Since the Dallas Cowboys are “America’s Team,” you can understand why they have been the subject of so many books. I have read a lot of them.
The most recent, and likely, best-selling edition is called The Dallas Cowboys: The Outrageous History of the Biggest, Loudest, Most Hated, Best Loved Football Team in America by Joe Nick Patoski (New York: Little Brown, 2012). At 805 pages, it does the job.
But, I don’t think it’s the best. If you really want the history, go back to a book that concentrates on the first nine years of the team’s existence (1960-1969). And, that book is entitled Dallas Cowboys Pro or Con: A Complete History by Sam Blair (New York: Doubleday, 1970). The book is long out of print, but it is available through third-party sellers.
Before his retirement, Blair was a columnist for the Dallas Morning News. I met him through the late Merle Harmon, who broadcast games for area sports teams for many years. Blair was the paper’s first Dallas Cowboys writer, and he worked for the Dallas Morning News for 41 years (1954-1995).
Blair was a writer in a different era. In his career, there was not muckraking, blowing up heresay into facts, instant messaging, social media availability, or anything like today’s journalistic activity. Writers went to press conferences, chatted informally with players and coaches, kept off-the-record tidbits exactly that way, and did not blow up rumors into stories. It is true that they were laid-back, let the stories come to them, and were definitely not Watergate-style investigative reporters.
Perhaps even more so than Blair was Red Smith, who was an editorialist for the New York Times and New York Herald Tribune from the 1930’s through the 1980’s. I read a great collection of his columns in a book by Daniel Okrent entitled American Pastimes: The Very Best of Red Smith (New York: Library of America, 2013). Writers like Blair and Smith were just so different than you see today.
But, back to the Cowboys book by Blair. I guess that I select it for history because it is concentrated on the early years. It does not have to spread itself thin over 50 years. The context of Dallas, Texas, and especially the rivalry for ticket sales with Lamar Hunt’s Dallas Texans is so vivid in the book. Because it only covers the first nine years, you find all aspects of the team covered in a well-developed manner.
There were other books published about the team at that time that were also good. I remember reading the late Steve Perkins’ Next Year’s Champions (New York: World Publishing, 1969) . But, that book focused on a single season when the Cowboys did not advance as far as they had previously into the NFL Championship game. I remember it had a drawing of Don Meredith on the cover, wrapped around by Green Bay Packer linebacker Dave Robinson, as he through an interception into the end zone in the fourth quarter of the 1966 NFL Championship game. And, I remember how much I was stricken by the racism and bigotry in our area, even for star Cowboys players in the 1960’s, as told in Cotton Bowl Days by John Eisenberg, which was later retitled, and is now unavailable even through third party sellers.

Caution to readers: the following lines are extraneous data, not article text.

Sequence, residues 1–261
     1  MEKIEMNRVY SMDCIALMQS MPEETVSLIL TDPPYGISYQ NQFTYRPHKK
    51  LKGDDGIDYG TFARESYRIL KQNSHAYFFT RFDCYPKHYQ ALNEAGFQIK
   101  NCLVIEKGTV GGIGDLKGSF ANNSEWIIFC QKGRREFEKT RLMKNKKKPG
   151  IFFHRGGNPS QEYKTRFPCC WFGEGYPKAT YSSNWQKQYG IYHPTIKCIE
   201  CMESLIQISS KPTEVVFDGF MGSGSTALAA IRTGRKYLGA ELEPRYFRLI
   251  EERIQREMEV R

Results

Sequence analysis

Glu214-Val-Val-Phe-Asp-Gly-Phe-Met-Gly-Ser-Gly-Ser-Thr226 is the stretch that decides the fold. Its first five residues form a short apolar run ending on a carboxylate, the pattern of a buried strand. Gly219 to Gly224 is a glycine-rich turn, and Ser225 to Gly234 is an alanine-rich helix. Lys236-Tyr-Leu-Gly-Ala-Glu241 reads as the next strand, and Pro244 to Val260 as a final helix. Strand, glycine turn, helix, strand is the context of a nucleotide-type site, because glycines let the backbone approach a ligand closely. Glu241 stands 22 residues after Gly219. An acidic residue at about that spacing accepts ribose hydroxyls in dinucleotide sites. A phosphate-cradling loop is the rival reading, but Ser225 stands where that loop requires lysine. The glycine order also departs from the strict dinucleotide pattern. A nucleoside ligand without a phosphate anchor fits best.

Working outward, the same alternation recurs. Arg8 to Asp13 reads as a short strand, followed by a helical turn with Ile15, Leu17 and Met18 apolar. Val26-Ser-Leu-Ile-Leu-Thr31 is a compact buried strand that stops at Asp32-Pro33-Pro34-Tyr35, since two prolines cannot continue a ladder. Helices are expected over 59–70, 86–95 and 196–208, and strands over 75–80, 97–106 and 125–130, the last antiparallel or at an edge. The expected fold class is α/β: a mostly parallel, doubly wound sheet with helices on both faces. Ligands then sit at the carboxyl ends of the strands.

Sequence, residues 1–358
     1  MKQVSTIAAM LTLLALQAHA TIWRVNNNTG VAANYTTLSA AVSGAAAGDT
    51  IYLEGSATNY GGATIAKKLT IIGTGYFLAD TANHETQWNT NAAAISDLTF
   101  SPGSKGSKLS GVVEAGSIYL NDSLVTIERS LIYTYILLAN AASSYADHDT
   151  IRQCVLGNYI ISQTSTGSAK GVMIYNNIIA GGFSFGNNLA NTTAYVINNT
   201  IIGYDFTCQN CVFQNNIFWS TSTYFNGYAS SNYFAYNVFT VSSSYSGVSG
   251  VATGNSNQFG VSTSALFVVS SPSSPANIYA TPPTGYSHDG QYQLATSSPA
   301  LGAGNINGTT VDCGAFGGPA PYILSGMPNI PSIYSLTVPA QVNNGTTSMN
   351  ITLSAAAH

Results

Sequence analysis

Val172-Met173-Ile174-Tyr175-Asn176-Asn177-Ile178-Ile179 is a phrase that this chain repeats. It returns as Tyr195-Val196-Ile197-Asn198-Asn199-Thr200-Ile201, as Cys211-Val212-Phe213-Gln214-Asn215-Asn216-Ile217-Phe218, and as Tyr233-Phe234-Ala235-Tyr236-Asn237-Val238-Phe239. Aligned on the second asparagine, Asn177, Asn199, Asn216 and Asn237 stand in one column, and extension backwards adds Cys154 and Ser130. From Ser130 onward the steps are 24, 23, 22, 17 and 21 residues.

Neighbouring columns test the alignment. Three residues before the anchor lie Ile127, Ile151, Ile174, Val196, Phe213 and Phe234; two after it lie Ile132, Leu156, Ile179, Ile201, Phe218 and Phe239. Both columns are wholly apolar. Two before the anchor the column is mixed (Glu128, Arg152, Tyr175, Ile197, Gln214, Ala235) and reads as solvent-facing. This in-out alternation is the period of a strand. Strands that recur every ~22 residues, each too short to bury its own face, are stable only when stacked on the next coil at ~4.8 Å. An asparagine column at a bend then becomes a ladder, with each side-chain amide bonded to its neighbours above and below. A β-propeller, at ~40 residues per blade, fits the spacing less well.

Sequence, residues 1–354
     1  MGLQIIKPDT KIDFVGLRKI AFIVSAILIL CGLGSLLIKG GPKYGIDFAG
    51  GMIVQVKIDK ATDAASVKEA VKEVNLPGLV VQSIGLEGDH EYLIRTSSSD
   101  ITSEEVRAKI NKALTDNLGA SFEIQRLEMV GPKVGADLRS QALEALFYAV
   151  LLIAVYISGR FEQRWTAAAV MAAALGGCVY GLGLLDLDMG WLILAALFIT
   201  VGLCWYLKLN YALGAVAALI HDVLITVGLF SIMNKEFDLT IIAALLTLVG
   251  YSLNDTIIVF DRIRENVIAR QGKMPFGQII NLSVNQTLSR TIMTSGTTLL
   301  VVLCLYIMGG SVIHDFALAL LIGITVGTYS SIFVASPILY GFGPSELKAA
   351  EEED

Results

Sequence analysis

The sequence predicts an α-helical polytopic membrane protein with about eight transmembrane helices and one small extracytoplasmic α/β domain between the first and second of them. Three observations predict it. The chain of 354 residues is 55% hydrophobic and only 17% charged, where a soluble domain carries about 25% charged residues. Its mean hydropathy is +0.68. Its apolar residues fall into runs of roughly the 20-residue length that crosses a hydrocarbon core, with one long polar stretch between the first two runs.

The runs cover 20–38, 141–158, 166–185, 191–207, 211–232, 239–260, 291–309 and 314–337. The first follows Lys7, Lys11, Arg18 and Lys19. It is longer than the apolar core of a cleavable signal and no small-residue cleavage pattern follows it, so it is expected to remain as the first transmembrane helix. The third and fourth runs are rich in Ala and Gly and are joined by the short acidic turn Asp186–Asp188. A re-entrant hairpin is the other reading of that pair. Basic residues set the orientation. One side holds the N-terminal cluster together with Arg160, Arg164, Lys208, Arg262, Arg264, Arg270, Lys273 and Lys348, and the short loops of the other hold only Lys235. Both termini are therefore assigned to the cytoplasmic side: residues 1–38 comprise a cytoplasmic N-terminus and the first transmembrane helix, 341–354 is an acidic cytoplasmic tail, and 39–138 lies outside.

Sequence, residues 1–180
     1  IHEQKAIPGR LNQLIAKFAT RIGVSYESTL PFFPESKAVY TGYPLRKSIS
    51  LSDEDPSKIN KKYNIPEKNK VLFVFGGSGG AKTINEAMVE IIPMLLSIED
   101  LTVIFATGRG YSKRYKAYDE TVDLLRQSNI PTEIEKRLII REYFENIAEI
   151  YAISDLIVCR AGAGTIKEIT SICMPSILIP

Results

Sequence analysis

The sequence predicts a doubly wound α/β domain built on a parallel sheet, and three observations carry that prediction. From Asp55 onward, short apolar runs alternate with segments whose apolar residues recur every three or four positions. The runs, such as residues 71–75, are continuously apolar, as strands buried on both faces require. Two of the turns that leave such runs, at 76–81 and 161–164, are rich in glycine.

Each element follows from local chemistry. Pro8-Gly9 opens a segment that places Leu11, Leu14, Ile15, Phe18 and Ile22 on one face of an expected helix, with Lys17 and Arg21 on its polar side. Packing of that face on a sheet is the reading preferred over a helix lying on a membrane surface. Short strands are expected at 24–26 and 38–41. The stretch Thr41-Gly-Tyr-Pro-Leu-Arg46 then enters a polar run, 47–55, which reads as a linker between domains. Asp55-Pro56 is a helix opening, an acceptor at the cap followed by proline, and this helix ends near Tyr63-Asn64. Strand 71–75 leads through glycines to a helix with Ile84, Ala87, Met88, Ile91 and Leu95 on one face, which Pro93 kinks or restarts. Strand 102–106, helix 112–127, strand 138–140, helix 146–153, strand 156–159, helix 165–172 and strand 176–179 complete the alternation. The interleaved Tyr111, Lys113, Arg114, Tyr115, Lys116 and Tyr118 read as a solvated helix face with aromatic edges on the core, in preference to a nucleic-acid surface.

I just think if you want to study the team’s history, why not read it historically? And, Blair’s book is the one that allows you to do that. You have to search for it, but you can find it.
With the flurry of collegiate bowl games and the onset of professional football playoffs, my attention today turns away from business to sports.
Sports has long been a popular arena for writers, including from those who cover the various events, as well as those who coach and play it. Sports has also been an increasingly popular source for business analogies – “you hit a home run,’ “that presentation was a hole-in-one,” “it was a slam-dunk in there today,” and so forth.
If you were to ask me what my all-time favorite sports book is, it would not take very long to get you an answer. My choice is Instant Replay: The Green Bay Diary of Jerry Kramer (Doubleday, 1968). In that book, the former offensive guard for the Packers revealed in-depth and behind-the-scenes information about life with legendary coach Vince Lombardi. Of interest to Dallas Cowboys fans is the revelation that he believed he may have been offsides on the famous goal-line plunge by quarterback Bart Starr that gave the Packers a last-minute victory in the famed 1967 Ice Bowl. How we have wished that they could have been pushed back five yards!
The book was republished in 2006, and that edition is still available on Amazon.com. But, for me, I read the book as a teenager, and I remember many parts of it vividly.
One other note about this book: like many works that athletes authored, this one was “as told to,” and the target was Dick Schapp. He was one of the great sports writers and interviewers of modern times. Even the unpredictable and volatile basketball coaching legend Bobby Knight admired him. Sports fans throughout the the world miss him.
That’s my vote. What about you?